It’s Dangerous out There

This article from the Los Angeles Times offers more evidence for why we need to improve our local homeless service situation.

In our area, a strategy helping the homeless (and local residents and business who suffer the impacts) needs to be developed—capable of safely sheltering up to 2 or 3 thousand homeless folks a night—and we have long suggested basing it on San Antonio’s Haven for Hope program  especially the courtyard strategy they use for safe rapid shelter for large numbers, see our news release of September 28, 2015 on our News Page

An excerpt from the Los Angeles Times article.

Three homeless men were brutally beaten with a baseball bat while they slept on downtown Los Angeles streets early Sunday morning, and authorities were warning people in homeless encampments to be on alert for a possible predator.

The attacks left all three men in critical condition at a hospital. None had regained consciousness as of Monday afternoon, said Capt. Billy Hayes of the Los Angeles Police Department’s Robbery-Homicide Division.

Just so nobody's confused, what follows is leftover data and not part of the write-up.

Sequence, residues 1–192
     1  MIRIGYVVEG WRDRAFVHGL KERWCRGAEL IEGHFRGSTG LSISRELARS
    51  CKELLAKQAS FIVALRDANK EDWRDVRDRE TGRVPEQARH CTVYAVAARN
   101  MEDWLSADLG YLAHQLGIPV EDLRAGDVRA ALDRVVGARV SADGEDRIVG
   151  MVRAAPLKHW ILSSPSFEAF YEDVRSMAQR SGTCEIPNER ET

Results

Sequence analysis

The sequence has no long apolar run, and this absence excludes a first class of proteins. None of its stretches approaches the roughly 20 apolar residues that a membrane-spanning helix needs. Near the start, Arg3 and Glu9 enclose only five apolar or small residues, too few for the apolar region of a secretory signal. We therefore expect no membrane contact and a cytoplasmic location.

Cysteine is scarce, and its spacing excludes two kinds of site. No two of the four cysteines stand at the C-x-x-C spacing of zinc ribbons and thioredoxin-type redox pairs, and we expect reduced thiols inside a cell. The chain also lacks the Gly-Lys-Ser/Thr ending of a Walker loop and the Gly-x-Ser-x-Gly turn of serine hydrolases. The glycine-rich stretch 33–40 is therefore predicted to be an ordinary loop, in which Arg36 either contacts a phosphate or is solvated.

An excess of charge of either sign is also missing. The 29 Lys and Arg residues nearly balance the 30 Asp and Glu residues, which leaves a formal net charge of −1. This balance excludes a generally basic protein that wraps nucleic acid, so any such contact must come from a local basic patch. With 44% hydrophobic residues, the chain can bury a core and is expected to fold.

In the first incident, the attacker, who is also believed to be homeless, smashed the bat across the head and shoulders of a homeless man in his late 50s who was sleeping near 5th and Flower streets around 4 a.m., said Hayes.

About 30 minutes later, two homeless men sleeping near Flower Street and Wilshire Boulevard were beaten in the same manner, Hayes said.

The assailant rummaged through the victims’ pockets after the attacks, which were believed to be motivated by robbery, Hayes said.

“Anytime that there’s a predator walking around preying on innocent people like this we want to get them as soon as possible,” Hayes said during a news conference at the LAPD’s headquarters Monday afternoon.

Police have no witnesses to the assaults, though portions of the attacks near Wilshire Boulevard and Flower Street were caught on surveillance cameras, Hayes said. The LAPD also made public a 35-second video clip showing the suspect walking around what appeared to be a building lobby.

Retrieved September 18, 2018 from

About David H Lukenbill

I am a native of Sacramento, as are my wife and daughter. I am a consultant to nonprofit organizations, and have a Bachelor of Science degree in Organizational Behavior and a Master of Public Administration degree, both from the University of San Francisco. We live along the American River with two cats and all the wild critters we can feed. I am the founding president of the American River Parkway Preservation Society and currently serve as the CFO and Senior Policy Director. I also volunteer as the President of The Lampstand Foundation, a nonprofit organization I founded in 2003.
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